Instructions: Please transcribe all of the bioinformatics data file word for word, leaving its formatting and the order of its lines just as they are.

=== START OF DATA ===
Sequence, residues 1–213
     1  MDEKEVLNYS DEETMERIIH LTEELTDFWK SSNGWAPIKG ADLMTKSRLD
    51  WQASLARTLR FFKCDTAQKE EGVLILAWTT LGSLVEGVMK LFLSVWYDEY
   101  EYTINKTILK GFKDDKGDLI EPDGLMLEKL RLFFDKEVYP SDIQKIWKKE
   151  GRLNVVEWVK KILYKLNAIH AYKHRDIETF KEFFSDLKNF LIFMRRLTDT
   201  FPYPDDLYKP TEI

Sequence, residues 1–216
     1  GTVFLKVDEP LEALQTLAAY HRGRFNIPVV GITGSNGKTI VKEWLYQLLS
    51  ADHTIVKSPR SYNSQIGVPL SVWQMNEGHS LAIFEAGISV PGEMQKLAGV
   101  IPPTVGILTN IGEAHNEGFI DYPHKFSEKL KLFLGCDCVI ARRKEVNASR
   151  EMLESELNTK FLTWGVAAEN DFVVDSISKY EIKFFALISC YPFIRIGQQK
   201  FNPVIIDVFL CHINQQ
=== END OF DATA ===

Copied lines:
Sequence, residues 1–213
     1  MDEKEVLNYS DEETMERIIH LTEELTDFWK SSNGWAPIKG ADLMTKSRLD
    51  WQASLARTLR FFKCDTAQKE EGVLILAWTT LGSLVEGVMK LFLSVWYDEY
   101  EYTINKTILK GFKDDKGDLI EPDGLMLEKL RLFFDKEVYP SDIQKIWKKE
   151  GRLNVVEWVK KILYKLNAIH AYKHRDIETF KEFFSDLKNF LIFMRRLTDT
   201  FPYPDDLYKP TEI

Sequence, residues 1–216
     1  GTVFLKVDEP LEALQTLAAY HRGRFNIPVV GITGSNGKTI VKEWLYQLLS
    51  ADHTIVKSPR SYNSQIGVPL SVWQMNEGHS LAIFEAGISV PGEMQKLAGV
   101  IPPTVGILTN IGEAHNEGFI DYPHKFSEKL KLFLGCDCVI ARRKEVNASR
   151  EMLESELNTK FLTWGVAAEN DFVVDSISKY EIKFFALISC YPFIRIGQQK
   201  FNPVIIDVFL CHINQQ